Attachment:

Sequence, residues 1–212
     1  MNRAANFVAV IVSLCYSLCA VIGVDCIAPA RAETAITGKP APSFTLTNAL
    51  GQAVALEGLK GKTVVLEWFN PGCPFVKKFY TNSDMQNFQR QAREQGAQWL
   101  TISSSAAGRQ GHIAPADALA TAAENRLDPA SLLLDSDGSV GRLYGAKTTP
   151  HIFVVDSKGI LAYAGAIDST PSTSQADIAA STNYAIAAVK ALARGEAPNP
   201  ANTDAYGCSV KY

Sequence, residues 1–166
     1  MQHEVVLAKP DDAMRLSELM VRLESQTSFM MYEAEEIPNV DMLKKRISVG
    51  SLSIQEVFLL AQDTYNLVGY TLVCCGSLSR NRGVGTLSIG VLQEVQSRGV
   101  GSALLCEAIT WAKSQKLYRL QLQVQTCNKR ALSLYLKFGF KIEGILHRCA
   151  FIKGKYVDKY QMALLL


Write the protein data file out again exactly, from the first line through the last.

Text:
Sequence, residues 1–212
     1  MNRAANFVAV IVSLCYSLCA VIGVDCIAPA RAETAITGKP APSFTLTNAL
    51  GQAVALEGLK GKTVVLEWFN PGCPFVKKFY TNSDMQNFQR QAREQGAQWL
   101  TISSSAAGRQ GHIAPADALA TAAENRLDPA SLLLDSDGSV GRLYGAKTTP
   151  HIFVVDSKGI LAYAGAIDST PSTSQADIAA STNYAIAAVK ALARGEAPNP
   201  ANTDAYGCSV KY

Sequence, residues 1–166
     1  MQHEVVLAKP DDAMRLSELM VRLESQTSFM MYEAEEIPNV DMLKKRISVG
    51  SLSIQEVFLL AQDTYNLVGY TLVCCGSLSR NRGVGTLSIG VLQEVQSRGV
   101  GSALLCEAIT WAKSQKLYRL QLQVQTCNKR ALSLYLKFGF KIEGILHRCA
   151  FIKGKYVDKY QMALLL